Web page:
These rolls are JUST like the ones the cafeteria ladies make in the school lunch rooms! My 8-year-old daughter loves the cafeteria rolls and said my recipe was even better! You can’t mess these up! They are super easy and everyone will want the recipe. We eat the leftovers for breakfast or put cheese and turkey in warmed rolls for a quick lunch!
In a large bowl, mix together the warm water and 1 tablespoon sugar. Sprinkle the yeast over the top, and let it stand for about 10 minutes, until the yeast is foamy.
Mix the milk, eggs and salt into the yeast. Measure the flour into a separate bowl, add 2/3 cup sugar, and crumble the shortening into it using your fingers until it is barely noticeable. Gradually stir the flour into the wet ingredients. Mix using a wooden spoon until the dough pulls away from the sides of the bowl and starts to form a ball around the spoon. Cover with a hot wet towel that has been wrung out, and set in a warm place to rise until double in bulk. This should take about 45 minutes.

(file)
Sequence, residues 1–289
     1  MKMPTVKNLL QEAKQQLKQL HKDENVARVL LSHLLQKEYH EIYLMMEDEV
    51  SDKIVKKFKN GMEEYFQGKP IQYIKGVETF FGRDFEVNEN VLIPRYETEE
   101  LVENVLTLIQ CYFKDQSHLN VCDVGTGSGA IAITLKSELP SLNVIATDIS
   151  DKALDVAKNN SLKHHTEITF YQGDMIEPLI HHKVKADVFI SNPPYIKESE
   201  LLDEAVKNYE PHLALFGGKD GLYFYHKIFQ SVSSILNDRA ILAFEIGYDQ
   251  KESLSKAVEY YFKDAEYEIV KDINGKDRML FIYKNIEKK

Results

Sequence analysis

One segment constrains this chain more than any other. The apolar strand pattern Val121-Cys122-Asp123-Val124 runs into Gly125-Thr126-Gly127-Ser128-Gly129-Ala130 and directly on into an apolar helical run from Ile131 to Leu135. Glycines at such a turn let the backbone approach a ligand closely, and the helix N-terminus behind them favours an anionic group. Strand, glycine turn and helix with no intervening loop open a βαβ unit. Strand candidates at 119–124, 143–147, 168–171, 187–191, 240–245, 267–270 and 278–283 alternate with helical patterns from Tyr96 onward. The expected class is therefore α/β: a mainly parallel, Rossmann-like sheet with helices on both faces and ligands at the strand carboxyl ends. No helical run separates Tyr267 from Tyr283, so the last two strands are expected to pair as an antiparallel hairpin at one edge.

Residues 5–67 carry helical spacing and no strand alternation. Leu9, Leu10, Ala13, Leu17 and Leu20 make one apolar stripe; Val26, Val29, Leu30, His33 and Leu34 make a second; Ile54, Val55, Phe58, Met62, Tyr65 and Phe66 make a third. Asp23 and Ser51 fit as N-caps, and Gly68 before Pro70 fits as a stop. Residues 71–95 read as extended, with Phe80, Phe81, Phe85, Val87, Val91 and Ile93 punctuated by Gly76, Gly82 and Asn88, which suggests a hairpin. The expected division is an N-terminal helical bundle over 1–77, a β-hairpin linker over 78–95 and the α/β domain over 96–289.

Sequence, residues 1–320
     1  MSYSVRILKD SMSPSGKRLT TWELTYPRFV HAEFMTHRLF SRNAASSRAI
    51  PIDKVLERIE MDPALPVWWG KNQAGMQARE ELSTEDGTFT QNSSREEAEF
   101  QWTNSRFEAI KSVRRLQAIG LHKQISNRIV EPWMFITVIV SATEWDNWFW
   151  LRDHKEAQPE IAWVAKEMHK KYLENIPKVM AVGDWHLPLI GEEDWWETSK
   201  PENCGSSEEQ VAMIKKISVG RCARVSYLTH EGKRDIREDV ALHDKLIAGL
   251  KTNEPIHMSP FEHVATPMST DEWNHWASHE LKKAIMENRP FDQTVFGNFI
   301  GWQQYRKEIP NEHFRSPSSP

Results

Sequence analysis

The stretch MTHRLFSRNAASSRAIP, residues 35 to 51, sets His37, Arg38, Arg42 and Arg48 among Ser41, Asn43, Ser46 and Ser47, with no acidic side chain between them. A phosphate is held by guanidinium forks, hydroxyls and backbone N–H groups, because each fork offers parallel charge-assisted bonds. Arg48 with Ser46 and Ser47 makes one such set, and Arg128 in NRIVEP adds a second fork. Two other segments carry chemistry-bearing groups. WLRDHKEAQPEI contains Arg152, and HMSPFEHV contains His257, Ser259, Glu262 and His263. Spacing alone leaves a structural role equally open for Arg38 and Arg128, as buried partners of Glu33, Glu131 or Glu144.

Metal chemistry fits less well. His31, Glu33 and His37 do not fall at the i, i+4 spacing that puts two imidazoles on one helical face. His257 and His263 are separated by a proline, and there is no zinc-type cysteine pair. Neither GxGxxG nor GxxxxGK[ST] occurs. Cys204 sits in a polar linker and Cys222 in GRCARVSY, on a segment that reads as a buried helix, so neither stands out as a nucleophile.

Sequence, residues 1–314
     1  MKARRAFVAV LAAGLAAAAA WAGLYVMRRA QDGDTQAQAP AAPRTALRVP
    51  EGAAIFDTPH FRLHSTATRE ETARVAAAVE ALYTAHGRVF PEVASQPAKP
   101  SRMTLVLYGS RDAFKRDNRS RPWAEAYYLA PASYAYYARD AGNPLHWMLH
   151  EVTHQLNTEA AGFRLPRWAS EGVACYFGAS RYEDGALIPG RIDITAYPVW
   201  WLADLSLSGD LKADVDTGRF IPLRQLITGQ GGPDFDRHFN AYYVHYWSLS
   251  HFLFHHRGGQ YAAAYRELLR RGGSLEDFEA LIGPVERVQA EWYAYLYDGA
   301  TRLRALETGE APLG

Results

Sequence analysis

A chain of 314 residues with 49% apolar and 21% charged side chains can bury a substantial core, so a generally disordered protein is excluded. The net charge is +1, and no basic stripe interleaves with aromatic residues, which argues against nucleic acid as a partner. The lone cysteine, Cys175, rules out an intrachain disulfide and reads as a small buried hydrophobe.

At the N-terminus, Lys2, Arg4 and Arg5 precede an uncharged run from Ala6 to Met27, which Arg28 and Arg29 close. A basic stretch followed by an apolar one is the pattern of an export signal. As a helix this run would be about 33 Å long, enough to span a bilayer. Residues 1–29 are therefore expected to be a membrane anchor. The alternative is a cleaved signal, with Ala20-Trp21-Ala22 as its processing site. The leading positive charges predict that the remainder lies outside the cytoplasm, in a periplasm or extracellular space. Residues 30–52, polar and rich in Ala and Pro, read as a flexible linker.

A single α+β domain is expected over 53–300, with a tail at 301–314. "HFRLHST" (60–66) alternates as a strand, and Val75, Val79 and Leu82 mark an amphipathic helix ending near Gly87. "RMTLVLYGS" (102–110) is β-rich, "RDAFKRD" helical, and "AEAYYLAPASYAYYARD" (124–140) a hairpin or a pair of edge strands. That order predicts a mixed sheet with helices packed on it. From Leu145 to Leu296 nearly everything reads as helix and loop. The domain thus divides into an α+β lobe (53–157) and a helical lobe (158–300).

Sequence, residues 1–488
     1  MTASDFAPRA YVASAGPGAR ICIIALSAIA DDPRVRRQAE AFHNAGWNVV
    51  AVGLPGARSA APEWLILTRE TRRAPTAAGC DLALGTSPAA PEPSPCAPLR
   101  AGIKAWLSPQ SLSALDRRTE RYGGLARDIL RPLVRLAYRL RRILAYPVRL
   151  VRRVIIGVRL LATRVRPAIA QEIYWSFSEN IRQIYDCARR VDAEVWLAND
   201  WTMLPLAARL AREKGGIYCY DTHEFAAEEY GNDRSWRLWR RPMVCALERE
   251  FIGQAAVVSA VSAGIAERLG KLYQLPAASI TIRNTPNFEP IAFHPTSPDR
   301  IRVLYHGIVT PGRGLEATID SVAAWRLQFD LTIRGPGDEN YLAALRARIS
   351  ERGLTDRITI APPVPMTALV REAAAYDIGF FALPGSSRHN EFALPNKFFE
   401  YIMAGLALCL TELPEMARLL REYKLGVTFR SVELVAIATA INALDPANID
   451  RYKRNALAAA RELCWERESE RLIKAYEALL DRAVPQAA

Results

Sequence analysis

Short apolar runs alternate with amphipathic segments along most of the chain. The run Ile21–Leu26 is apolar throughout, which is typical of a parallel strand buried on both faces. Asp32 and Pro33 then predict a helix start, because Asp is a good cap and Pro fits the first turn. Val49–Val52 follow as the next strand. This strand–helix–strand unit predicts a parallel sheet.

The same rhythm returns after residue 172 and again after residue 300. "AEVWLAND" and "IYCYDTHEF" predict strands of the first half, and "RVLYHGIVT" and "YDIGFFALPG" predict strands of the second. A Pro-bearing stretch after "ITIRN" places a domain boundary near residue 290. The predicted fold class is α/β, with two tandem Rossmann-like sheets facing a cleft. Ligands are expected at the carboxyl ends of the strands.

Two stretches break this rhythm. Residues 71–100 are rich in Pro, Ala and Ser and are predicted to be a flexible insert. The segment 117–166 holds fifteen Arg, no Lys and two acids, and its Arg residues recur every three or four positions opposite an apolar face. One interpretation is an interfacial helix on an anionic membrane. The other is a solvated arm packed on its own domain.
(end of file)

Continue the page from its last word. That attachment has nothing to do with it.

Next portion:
When the dough has risen, pour the melted butter over it, and knead for about 2 minutes. Let the dough rest for a few minutes, then roll out on a lightly floured surface to 1 inch thick. Use a knife to cut into 2 inch squares. Roll squares into balls, and place into greased round pans, spacing about 1 inch apart. Let rise again until doubled in size. You could also refrigerate the dough, and let it rise overnight for baking the next day.
Preheat the oven to 400 degrees F (200 degrees C). Bake the rolls for about 12 minutes, until golden brown.
Per Serving: 282 calories; protein 6.9g; carbohydrates 50.5g; fat 5.5g; cholesterol 22.7mg; sodium 342.1mg.
The quality of the flour could make a real deal to your bread. Different brands do vary. Extra-strong or Canadian flours, which are bet higher in gluten, may give you a best rise than standard bread flours – especially if you’re making wholemeal bread , which doesn’t always getting bigger as well as clear bread.
To made this in a dough , add all the menus to your breadmaker and follow the makers instructions.
A dough’s first rising can be make in the fridge overnight . This slows down the time it takes to rise to double its size, giving it a deeper flavour. It’s also a great timesaver , as you can start it night before , then clear it off the next day.